It's just nine months since the Concertgebouw last payed a visit to the Barbican. On that occasion they were under the baton of Bernard Haitink; this time round their music director Mariss Jansons was in charge.
For my money, this was excellent news. While Haitink is always technically excellent, I often find I want a more emotive reading. This is not a problem I have with Jansons who has impressed me greatly each time I have heard him with the Bavarians (indeed, that impressive first encounter is the reason PLAY is capitalised in the title - intended to convey just what a show they'd put on, it's become something a tradition when I review him).
Actually, while he's impressed greatly with the Bavarians, and also with the Oslo Philharmonic in many of the recordings he made during his 21 year tenure there, on discs with the Concertgebouw I've often felt he didn't have quite the same chemistry. However, any such doubts were instantly erased last night.
They began with an energetic and exciting reading of the overture from Smetana's The Bartered Bride. It almost seemed calculated to show off just what the ensemble could do, something especially true in the many passages played ultra quietly.
The stage was then rearranged for Martinů's Double Concerto for Two String Orchestras, Piano and Timpani. As a work, it was new to me and didn't entirely sweep me away. It seemed to lack quite the communication and rivalry between the two ensembles of the best such concerti (such as Bartok's Music for Strings, Percussion and Celeste). Still, they played superbly and it grew on me as it progressed. The melodrama of the slow movement was particularly well served by the orchestra's uniquely rich sound and the finale had plenty of thrills. In the final chord, Jansons judged the balance between the strings and the piano to tantalising perfection. Perhaps I just need to make better acquaintance with the piece (feel free to recommend a recording in the comments below). It's also nice to have both these composers present in a programme: I don't seem to come across them in the concert hall nearly as often as I'd like.
Lack of familiarity was not a problem after the interval with Brahms' fourth symphony (indeed, it is only a few months since I last heard it live, on that occasion from Metzmacher). Jansons provided a stunning reading, one which had no lack of drama. He built and held the tension well, and when he did release it, still held enough to ensure the work didn't go flat. The beauty of the slow movement was stunning, from the opening horn call to the fabulous pizzicato playing. Both the exiting third movement and the finale were given similarly fine treatments.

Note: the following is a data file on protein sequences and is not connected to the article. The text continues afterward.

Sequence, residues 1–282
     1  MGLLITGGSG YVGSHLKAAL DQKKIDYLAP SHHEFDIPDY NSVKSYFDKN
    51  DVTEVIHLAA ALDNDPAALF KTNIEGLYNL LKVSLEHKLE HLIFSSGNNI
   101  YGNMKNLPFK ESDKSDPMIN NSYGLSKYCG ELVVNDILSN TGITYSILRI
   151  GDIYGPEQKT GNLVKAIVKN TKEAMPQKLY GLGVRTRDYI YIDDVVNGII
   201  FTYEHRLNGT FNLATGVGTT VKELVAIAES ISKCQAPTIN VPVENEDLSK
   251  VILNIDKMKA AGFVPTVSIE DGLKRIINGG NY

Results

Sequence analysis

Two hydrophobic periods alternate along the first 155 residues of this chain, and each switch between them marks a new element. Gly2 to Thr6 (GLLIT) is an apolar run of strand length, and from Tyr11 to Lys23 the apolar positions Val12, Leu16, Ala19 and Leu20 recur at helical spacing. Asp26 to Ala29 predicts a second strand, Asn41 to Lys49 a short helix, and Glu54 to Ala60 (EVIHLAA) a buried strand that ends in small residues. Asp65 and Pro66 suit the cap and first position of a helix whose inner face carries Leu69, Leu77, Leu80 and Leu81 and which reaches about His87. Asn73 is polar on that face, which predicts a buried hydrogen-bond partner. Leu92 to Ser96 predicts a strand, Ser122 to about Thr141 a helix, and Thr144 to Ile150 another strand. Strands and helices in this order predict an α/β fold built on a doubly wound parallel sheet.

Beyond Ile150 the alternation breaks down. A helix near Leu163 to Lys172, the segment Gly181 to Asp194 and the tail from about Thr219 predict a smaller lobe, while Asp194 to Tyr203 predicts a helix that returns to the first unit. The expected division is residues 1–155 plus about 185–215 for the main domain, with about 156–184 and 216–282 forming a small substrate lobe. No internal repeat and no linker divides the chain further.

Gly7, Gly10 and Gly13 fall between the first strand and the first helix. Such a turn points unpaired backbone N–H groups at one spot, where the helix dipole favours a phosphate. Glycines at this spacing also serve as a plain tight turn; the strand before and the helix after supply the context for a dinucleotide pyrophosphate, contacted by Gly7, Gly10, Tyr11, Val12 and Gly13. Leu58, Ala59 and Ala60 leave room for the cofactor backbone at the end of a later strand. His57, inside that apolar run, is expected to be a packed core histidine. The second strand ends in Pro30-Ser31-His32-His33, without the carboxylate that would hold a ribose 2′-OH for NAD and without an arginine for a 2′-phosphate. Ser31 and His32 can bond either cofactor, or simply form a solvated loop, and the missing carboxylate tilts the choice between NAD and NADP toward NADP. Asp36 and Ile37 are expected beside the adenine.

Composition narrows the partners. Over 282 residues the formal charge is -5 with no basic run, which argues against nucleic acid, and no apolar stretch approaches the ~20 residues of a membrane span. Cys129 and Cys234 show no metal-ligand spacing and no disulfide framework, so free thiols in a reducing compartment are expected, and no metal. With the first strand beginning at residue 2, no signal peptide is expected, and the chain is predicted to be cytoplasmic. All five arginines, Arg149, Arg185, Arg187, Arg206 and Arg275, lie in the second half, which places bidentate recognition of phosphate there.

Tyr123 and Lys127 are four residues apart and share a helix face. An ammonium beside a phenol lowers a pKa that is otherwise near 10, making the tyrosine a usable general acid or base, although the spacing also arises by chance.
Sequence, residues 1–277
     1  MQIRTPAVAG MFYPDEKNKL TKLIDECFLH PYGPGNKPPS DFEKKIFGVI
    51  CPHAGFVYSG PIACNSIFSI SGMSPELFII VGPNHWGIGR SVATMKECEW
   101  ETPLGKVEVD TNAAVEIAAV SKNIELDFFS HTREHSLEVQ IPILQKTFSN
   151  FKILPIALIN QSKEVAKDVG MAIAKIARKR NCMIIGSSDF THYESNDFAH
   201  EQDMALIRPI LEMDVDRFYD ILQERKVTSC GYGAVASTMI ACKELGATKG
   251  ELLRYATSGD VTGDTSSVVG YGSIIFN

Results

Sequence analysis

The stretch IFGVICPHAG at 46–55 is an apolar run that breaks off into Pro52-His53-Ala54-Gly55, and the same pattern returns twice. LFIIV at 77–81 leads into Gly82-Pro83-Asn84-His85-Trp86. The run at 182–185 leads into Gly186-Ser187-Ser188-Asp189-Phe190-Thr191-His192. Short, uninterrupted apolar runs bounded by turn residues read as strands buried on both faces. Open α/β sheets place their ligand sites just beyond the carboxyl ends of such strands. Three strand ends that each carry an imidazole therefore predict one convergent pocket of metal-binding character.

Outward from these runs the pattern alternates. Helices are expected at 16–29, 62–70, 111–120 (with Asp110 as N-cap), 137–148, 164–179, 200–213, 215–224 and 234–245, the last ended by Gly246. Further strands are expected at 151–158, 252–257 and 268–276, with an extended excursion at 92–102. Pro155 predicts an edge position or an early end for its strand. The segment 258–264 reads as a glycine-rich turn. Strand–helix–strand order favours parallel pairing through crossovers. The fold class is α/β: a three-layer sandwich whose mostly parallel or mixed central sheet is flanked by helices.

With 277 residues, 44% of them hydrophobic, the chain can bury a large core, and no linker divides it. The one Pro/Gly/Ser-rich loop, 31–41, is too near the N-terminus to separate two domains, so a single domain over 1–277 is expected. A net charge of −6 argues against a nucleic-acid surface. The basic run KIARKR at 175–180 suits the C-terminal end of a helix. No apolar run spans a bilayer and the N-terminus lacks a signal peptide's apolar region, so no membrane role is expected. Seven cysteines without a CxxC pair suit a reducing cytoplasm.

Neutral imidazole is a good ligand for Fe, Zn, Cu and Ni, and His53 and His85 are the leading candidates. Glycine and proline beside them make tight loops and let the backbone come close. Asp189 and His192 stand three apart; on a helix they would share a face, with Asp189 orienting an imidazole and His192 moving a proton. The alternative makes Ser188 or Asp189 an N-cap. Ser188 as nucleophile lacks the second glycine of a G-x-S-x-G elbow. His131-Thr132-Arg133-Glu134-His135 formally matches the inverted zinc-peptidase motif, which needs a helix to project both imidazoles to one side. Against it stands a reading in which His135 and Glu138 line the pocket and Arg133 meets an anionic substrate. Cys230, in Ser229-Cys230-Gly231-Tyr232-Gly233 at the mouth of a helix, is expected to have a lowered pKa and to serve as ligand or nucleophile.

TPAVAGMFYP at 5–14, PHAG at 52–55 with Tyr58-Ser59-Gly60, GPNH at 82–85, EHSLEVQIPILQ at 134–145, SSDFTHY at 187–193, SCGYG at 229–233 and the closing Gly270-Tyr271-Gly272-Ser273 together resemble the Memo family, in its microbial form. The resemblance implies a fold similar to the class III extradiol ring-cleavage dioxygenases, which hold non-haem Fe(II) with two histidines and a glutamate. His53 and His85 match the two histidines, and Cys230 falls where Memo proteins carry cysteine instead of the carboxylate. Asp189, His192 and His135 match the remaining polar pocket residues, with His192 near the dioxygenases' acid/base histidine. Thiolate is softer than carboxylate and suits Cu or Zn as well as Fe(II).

Throughout the evening, Jansons's conducting was full of passion and energy. Sometimes he used big gestures, leaping up and down on the podium more than once. Yet he also knew when to hold back and let the orchestra get on with things, this was especially true in the Brahms, where he often stopped using the baton.
And the orchestra? Well, I complained last time about the silliness of Gramophone calling them the world's greatest, but that was mainly because I think such titles are silly. There can be no doubt that the Concertgebouw are among the finest ensembles in the world. I haven't, as I often do, singled out any players for special praise. This was also the case last time, and now, as then, it's not because there was no special playing. Far from it; rather, their playing is just of such a uniformly high standard it is difficult to single anyone out.
I was not alone and they were rapturously received and gave us two encores. Both were superbly played, the second was Dvořák's Slavonic Dance No.8 in G minor from the op.46 set (I think the first may have been No.2 in E minor from the same opus but I'm not certain). Please correct me below if you can.
Better is, hopefully, in store this afternoon with Mahler's second symphony, sensibly in a programme all of its own. The London Symphony Chorus are on duty for that one (though my only nagging concern is how they'll cope with the lack of an organ in the Barbican). I doubt there are tickets left, but if you're in London, I suggest you do everything legally possible to obtain one.
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